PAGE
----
Today, the world is grappling with more than just the climate crisis, and yet even now, in the face of a global pandemic, scientists are marching on with renewable solutions.
Just this month, no less than three records have been broken in solar panel efficiency. The first and the second were achieved by scientists in the United States at the National Renewable Energy Laboratory (NREL).
Their unique “six-junction” solar cell has unprecedented energy conversion, turning intensified light into electricity at 47.1 percent efficiency – the most efficient in the world under concentrated light conditions. This record beat the previous contender established just a couple of years ago by one percent.
“This device really demonstrates the extraordinary potential of multijunction solar cells,” says John Geisz who works at NREL.
The achievement was helped by concentrating sunlight until it was a sizzling 143 times more intense. But even under the illumination of a single Sun, the solar cell is better than any other.
This is the second record broken – the team tested another version of their six-junction cell without concentrating the light, and achieved an unprecedented 39.2 percent efficiency.
Essentially this means that even more of the Sun’s energy can now be converted into electricity.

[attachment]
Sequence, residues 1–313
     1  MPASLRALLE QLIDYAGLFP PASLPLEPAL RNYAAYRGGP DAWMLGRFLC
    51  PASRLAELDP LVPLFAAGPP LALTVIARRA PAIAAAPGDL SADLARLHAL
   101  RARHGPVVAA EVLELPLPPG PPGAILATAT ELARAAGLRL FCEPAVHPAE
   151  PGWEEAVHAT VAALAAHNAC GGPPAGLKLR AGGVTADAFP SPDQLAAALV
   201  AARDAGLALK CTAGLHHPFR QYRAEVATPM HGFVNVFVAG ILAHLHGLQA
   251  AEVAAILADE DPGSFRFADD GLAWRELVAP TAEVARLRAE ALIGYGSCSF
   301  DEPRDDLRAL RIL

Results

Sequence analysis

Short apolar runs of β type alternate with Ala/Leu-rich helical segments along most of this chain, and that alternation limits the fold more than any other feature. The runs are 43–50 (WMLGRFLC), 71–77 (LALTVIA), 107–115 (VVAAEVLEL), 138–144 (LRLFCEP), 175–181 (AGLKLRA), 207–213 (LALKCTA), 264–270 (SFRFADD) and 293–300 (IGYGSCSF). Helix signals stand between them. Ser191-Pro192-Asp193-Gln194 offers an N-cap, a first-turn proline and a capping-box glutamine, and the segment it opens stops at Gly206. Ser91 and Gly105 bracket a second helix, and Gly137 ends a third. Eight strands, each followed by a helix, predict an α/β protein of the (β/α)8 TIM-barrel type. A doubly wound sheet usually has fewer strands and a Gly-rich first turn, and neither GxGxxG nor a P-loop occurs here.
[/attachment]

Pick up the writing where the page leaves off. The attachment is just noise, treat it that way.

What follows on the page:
Each of the cell’s six junctions is specialised to capture a particular range of light from somewhere on the solar spectrum. Combined, the device contains 140 layers of light-absorbing material, and yet it is three times thinner than a hair off your head.
“One way to reduce cost is to reduce the required area,” explains Ryan France, a materials scientist at NREL, “and you can do that by using a mirror to capture the light and focus the light down to a point.”
By honing the light in this way, you not only spend a hundredth or even a thousandth of the material cost, the cell itself also becomes more efficient.
It’s impossible to ever reach 100 percent efficiency because of the laws of thermodynamics, but reaching the halfway point would be quite the achievement, and France says that’s “actually very achievable”.
As we inch closer and closer to that goal, records like this one are constantly being broken across all types of solar cells.
The third record broken this month, for instance, was achieved by something called a tandem cell. This is a device, only a few micrometres thick, that combines two different semiconductors, one for the visible parts of the light spectrum and the other for infrared light.
Engineers from the German research centre Helmholtz-Zentrum Berlin created a new kind of tandem cell made from stacked silicon and perovskite with a certified efficiency of 24.16 percent.
“This combination is also extremely lightweight and stable against irradiation, and could be suitable for applications in satellite technology in space,” says Steve Albrecht at Helmholtz-Zentrum Berlin.
The NREL has been charting the rise of efficiency levels in all types of solar cells since 1976, and compounds like the ones used in tandem cells have only been included in the past few years. Nevertheless, this light-absorbing material has increased in efficiency more than any other material since then.
It’s only a matter of time before this tandem cell is succeeded by another, and for once at least, that’s a global energy record we actually want to hit.